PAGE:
Tracking savings and savings rate?

Hello, my wife and I use YNAB to track our spending and to budget monthly expenses. We also use it to keep track of some savings goals. We're having a hard time managing our savings goals which is frustrating because making sure we are saving lots of money towards our goals is our main financial goal and driver. Here is our current situation.

We have checking accounts and savings accounts on budget (and unlinked). We also have investment accounts which are off budget (and also unlinked).  Monthly expenses are fine. Every month we get money into our checking accounts and we're able to budget that for our monthly expenses. However, some of that money is slated to be saved into one of at least 5 savings categories (future baby, future house, next years travel, big vacation next year, general financial independence).

The way we handle this right now is in the budget we have a super category for savings and categories for each of the above savings goals. Every month we budget some amount of money towards each of these goals from our paychecks. Then we correspondingly transfer money from the checking accounts into the savings accounts to reflect this*. 

One big goal that we have is to have a historical record of income, expenses, and savings over time. For example we would like to be able to calculate savings rate on a monthly basis. I mention this because it motivates why the software experience causes problems for us.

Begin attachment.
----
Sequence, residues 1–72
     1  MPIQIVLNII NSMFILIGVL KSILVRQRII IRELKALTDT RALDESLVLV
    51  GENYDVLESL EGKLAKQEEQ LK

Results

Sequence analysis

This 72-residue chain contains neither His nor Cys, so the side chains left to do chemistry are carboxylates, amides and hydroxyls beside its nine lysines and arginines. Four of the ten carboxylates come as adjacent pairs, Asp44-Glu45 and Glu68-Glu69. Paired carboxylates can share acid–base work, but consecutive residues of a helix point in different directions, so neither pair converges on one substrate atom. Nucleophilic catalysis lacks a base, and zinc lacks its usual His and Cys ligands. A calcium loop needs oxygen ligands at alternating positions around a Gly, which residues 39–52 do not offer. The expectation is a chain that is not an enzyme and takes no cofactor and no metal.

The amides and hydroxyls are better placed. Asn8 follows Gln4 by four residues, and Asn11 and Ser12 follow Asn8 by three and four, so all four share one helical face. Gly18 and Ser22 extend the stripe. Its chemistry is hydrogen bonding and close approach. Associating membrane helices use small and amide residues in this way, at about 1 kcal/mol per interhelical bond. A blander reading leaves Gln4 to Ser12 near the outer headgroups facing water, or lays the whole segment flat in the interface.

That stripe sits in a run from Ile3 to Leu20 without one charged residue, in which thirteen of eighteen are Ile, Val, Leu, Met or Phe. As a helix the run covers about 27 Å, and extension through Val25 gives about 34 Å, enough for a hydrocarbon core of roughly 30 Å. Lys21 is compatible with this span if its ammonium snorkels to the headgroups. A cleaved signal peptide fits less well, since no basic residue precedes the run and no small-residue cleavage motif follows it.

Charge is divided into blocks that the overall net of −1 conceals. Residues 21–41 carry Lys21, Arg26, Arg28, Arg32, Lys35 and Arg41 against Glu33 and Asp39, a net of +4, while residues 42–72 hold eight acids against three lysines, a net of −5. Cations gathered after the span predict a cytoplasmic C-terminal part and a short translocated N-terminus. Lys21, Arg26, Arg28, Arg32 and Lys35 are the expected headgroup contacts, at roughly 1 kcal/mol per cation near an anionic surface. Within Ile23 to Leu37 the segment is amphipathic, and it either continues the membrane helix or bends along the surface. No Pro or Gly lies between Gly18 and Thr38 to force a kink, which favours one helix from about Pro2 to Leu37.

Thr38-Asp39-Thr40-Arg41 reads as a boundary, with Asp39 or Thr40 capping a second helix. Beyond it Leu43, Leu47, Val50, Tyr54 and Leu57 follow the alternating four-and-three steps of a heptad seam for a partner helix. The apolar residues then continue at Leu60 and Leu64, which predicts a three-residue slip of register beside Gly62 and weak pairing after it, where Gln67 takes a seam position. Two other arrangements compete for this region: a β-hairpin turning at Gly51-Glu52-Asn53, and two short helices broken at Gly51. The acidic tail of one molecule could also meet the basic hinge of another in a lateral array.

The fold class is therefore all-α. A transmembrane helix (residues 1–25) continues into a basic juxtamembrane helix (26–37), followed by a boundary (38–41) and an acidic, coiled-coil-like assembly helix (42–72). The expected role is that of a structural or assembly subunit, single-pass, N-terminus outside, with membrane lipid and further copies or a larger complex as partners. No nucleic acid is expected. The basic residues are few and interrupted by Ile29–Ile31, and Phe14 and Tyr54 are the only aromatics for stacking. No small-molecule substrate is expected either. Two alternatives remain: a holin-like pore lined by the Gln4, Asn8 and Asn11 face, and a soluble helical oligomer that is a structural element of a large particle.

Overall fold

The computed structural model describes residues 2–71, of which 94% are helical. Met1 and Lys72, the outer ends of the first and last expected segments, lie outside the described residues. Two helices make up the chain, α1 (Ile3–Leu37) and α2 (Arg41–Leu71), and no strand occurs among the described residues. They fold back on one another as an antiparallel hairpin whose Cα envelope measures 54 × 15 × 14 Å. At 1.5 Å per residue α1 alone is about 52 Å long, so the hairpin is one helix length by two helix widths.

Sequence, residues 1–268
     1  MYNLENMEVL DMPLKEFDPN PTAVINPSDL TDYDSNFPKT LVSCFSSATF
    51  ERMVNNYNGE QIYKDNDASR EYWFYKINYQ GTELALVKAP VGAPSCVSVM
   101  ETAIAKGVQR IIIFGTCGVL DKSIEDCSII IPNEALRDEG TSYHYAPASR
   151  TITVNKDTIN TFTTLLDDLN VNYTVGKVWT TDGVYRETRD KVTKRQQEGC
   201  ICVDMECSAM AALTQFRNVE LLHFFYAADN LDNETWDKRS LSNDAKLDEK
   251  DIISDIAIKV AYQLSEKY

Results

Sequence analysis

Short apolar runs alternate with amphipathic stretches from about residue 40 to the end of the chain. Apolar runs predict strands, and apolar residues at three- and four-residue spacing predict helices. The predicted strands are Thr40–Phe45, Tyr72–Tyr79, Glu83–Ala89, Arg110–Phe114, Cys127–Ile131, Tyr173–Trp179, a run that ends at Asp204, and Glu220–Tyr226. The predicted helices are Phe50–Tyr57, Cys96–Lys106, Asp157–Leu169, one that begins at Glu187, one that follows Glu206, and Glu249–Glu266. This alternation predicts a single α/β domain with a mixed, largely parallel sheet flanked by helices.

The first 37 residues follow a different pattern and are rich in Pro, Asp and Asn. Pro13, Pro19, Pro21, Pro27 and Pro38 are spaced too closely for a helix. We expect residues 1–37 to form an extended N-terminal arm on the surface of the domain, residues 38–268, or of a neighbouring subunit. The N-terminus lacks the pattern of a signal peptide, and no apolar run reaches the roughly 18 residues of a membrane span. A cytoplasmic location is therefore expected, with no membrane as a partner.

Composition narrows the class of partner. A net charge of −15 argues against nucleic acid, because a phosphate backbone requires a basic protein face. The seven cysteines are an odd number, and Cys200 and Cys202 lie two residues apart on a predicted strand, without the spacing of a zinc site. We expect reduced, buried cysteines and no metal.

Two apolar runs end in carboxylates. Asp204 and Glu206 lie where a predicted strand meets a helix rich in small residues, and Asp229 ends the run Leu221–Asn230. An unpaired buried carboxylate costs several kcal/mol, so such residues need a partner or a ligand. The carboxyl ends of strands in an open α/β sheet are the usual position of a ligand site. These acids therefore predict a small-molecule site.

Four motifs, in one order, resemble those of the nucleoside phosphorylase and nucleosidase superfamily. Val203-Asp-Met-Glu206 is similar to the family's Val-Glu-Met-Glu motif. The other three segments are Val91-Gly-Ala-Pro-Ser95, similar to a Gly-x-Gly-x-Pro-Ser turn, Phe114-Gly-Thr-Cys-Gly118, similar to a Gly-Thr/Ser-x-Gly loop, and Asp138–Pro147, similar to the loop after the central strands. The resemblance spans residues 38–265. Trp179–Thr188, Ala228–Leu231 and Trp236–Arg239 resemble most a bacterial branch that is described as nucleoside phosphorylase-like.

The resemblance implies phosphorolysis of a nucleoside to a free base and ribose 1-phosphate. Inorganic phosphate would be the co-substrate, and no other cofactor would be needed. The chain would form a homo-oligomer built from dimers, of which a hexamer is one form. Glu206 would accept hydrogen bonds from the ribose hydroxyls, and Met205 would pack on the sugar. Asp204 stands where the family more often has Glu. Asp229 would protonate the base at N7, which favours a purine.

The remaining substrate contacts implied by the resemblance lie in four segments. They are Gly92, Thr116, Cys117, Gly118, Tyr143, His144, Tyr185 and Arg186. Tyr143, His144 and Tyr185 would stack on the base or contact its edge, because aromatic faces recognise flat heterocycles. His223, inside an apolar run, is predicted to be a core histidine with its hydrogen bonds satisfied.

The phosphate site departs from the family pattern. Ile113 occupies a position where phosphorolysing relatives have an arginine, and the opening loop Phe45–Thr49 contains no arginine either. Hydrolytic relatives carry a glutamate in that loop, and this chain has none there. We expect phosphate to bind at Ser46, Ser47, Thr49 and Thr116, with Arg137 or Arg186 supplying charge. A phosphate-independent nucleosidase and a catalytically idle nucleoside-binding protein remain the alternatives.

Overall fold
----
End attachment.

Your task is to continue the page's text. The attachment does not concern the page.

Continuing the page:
The big problem with this approach is that we are accumulating our savings in the "budget" column. Unfortunately there is no budget history so we're not able to look back and see *when* we contributed *how much* to the various categories. We can only see the current total.

Another problem is we have to do a bit of math regularly to ensure the amount we have budgeted into the various savings categories matches the total amount in the savings accounts. (This could somewhat be mitigated by consolidating the savings accounts where possible but even with that the problem persists).

Possible solutions we have thought of:

- Take the savings accounts off budget. We can keep the categories but now saving will look like expenses meaning it will be tracked in a historical manner and will be clearly visible in  the spending reports. The problems with this are 1) if we just having 1 savings account for all of this it won't be clear how much money in the savings account is apportioned for each savings goal** 2) we can no longer track budgeting goals and 3) I'm not sure how this will look in a few years when we start actually drawing from these accounts because the money would then be re-entering the budget as income which would artificially inflate our income again making the savings rate difficult to calculate.